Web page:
Get real, Bill -- we do need more H-1Bs for tech workers

Until we address underlying causes of developer shortage, we'll need all possible H-1B visas to keep the industry going

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Applying for H-1Bs is hard and expensive

The other side of the H-1B argument is that it's the easy way out. It isn't.

When we recruit at engineering schools or from the general population, most of the "freshers" who apply are on an OPT visa. In other words, we have to sponsor their H-1B. This process is expensive and difficult. To be clear, this is my high-level interpretation of the process; I have HR people and attorneys to do all this. I find it to be a daunting legal minefield and stay as uninvolved as possible.

First off, you have to pay about $4,000 when you include attorney's fees. Second, you have to choose a job description from a government database that was probably written more than a decade ago by IBM. This database is also goofy -- not goofy like really funny, but goofy like a developer in Los Angeles makes less than someone with the same job title in Durham, N.C. For context, keep in mind that my $200,000 house in a nice Durham neighborhood would cost well over $1 million out there. Yet you must pay no less than that "prevailing" wage even if it isn't particularly connected to reality.

OK, you've chosen the closest job title. Next you have to advertise the position in ... the newspaper. Because, you know, all technology workers look in the newspaper for jobs. This is to give U.S. citizens a chance to apply ... to an ad ... in the newspaper. Meanwhile, you also post the job on the Internet and hope people apply through that channel instead.

If you don't apply for an H-1B early enough in the year, you have to enter a lottery. This is easier because your international student probably has a master's degree rather than a bachelor's, and they have a better chance -- although you still aren't guaranteed success. Plus, of course, you enter this process without knowing one way or another whether the person's job performance warrants the expenditure. Did I mention that an H-1B costs $4,000, not including the price for internal labor?

Outsource vs. offshore

Further complicating the issue is the confusion over outsourcing versus offshoring. Some articles on the H-1B debate refer to companies like Accenture as an "outsourcer" and attempt to imply that outsourcing and offshoring are the same.

My company, which is based entirely in the United States and employs a fully domestic workforce (which may change for our 24/7 support business), is arguably an outsourcer. We supply higher-level expertise to companies that want to scale to 8 million concurrent users or build their own cloud or architect their first system involving a NoSQL database like MongoDB or use MapReduce for the first time with Hadoop. They lack the internal expertise and may not have the ability to hire and manage the skills in-house, so they rely on us to carry out some part of the process. In some cases, we also develop complete applications. In both examples, this is outsourcing.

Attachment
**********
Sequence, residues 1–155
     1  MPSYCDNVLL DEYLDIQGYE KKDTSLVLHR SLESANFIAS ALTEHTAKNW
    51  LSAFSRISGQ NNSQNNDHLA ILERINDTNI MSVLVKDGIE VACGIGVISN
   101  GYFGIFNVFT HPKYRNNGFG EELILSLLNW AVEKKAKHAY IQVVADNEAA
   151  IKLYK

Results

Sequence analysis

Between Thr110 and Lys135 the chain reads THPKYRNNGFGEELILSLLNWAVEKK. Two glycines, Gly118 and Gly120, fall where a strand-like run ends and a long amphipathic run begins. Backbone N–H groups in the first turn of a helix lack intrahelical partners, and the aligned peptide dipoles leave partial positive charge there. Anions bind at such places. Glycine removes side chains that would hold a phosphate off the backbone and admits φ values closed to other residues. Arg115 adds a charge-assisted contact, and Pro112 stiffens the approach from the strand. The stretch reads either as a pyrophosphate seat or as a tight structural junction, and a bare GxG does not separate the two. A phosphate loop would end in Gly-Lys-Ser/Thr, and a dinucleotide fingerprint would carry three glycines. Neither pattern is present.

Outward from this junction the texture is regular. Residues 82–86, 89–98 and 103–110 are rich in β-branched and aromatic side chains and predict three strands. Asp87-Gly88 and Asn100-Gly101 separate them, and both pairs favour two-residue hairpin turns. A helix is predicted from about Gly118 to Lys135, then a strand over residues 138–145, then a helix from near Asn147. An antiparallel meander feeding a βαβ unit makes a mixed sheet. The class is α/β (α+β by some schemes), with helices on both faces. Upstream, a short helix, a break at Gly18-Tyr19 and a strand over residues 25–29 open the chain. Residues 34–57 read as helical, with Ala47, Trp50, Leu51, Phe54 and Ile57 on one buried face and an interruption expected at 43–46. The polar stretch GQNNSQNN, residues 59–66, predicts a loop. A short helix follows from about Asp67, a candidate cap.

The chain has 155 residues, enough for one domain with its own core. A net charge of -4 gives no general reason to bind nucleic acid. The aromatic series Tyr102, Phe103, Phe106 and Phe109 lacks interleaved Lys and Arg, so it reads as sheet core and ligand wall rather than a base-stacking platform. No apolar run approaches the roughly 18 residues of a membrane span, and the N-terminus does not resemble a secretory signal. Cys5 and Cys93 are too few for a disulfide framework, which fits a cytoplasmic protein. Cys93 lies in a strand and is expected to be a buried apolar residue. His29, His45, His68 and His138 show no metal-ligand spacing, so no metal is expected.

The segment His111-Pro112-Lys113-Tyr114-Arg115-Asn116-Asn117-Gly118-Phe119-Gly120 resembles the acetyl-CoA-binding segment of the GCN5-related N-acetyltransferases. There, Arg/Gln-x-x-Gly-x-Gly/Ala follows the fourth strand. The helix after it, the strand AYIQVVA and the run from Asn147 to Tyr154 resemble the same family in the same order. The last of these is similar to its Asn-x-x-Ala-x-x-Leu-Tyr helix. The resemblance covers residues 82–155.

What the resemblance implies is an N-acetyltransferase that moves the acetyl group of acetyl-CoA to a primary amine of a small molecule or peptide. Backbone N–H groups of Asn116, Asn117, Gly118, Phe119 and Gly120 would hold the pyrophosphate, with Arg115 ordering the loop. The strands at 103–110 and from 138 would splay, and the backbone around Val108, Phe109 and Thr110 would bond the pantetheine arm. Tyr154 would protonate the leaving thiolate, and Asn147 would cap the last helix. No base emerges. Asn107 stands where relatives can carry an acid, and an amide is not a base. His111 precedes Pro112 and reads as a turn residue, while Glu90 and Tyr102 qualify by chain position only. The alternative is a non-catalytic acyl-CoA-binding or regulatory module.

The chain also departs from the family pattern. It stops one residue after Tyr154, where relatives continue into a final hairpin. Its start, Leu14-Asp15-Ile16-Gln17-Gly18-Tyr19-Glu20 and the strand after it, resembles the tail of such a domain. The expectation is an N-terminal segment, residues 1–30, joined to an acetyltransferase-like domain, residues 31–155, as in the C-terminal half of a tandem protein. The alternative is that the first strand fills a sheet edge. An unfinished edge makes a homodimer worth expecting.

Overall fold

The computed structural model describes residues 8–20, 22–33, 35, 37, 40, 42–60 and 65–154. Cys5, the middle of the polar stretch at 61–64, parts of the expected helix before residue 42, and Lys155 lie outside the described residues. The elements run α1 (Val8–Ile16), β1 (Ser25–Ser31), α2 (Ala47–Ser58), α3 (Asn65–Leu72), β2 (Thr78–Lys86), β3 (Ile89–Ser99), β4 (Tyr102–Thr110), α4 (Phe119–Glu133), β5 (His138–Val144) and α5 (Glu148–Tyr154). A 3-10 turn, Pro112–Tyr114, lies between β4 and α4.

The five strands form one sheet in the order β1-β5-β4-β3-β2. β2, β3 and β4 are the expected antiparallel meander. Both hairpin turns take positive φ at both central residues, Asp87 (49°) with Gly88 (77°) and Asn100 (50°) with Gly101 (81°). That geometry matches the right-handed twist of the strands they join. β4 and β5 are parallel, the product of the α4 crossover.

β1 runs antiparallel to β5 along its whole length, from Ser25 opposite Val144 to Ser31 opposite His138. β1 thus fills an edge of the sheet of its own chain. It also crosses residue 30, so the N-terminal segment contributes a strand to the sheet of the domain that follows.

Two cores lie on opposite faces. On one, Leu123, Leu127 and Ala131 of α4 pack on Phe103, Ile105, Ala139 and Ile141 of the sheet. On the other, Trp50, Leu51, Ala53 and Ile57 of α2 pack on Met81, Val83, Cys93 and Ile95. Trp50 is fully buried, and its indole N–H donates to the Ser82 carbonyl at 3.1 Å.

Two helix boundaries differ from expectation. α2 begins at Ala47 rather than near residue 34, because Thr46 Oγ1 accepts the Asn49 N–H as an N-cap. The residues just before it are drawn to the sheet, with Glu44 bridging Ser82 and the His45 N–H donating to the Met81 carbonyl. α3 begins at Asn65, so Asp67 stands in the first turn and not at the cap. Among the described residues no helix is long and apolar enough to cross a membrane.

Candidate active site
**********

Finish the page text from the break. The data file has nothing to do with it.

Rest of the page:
It isn't, however, offshoring. You do not need a single H-1B to outsource to an offshore company.

Maybe this is my mindset as an economic liberal, but I regard most schemes to "protect American jobs" as mere protectionism that's unlikely to work -- at least not in our favor. Such schemes are more expedient than the hard work of growing American competitiveness. While I'm as patriotic as the next guy, when we expand to other countries, it won't be to pillage their jobs. We'll establish businesses in those countries, hire locally where possible, and make a positive contribution there as well as here.

One problem with U.S. immigration policy is that it doesn't generally encourage these highly skilled workers to immigrate permanently. Indeed, there are obstacles to doing this. What happens when H-1B workers can't live here beyond the six or so years they're allowed to? They go home and compete in the global marketplace. That's permanent. The H-1B program is a temporary measure.

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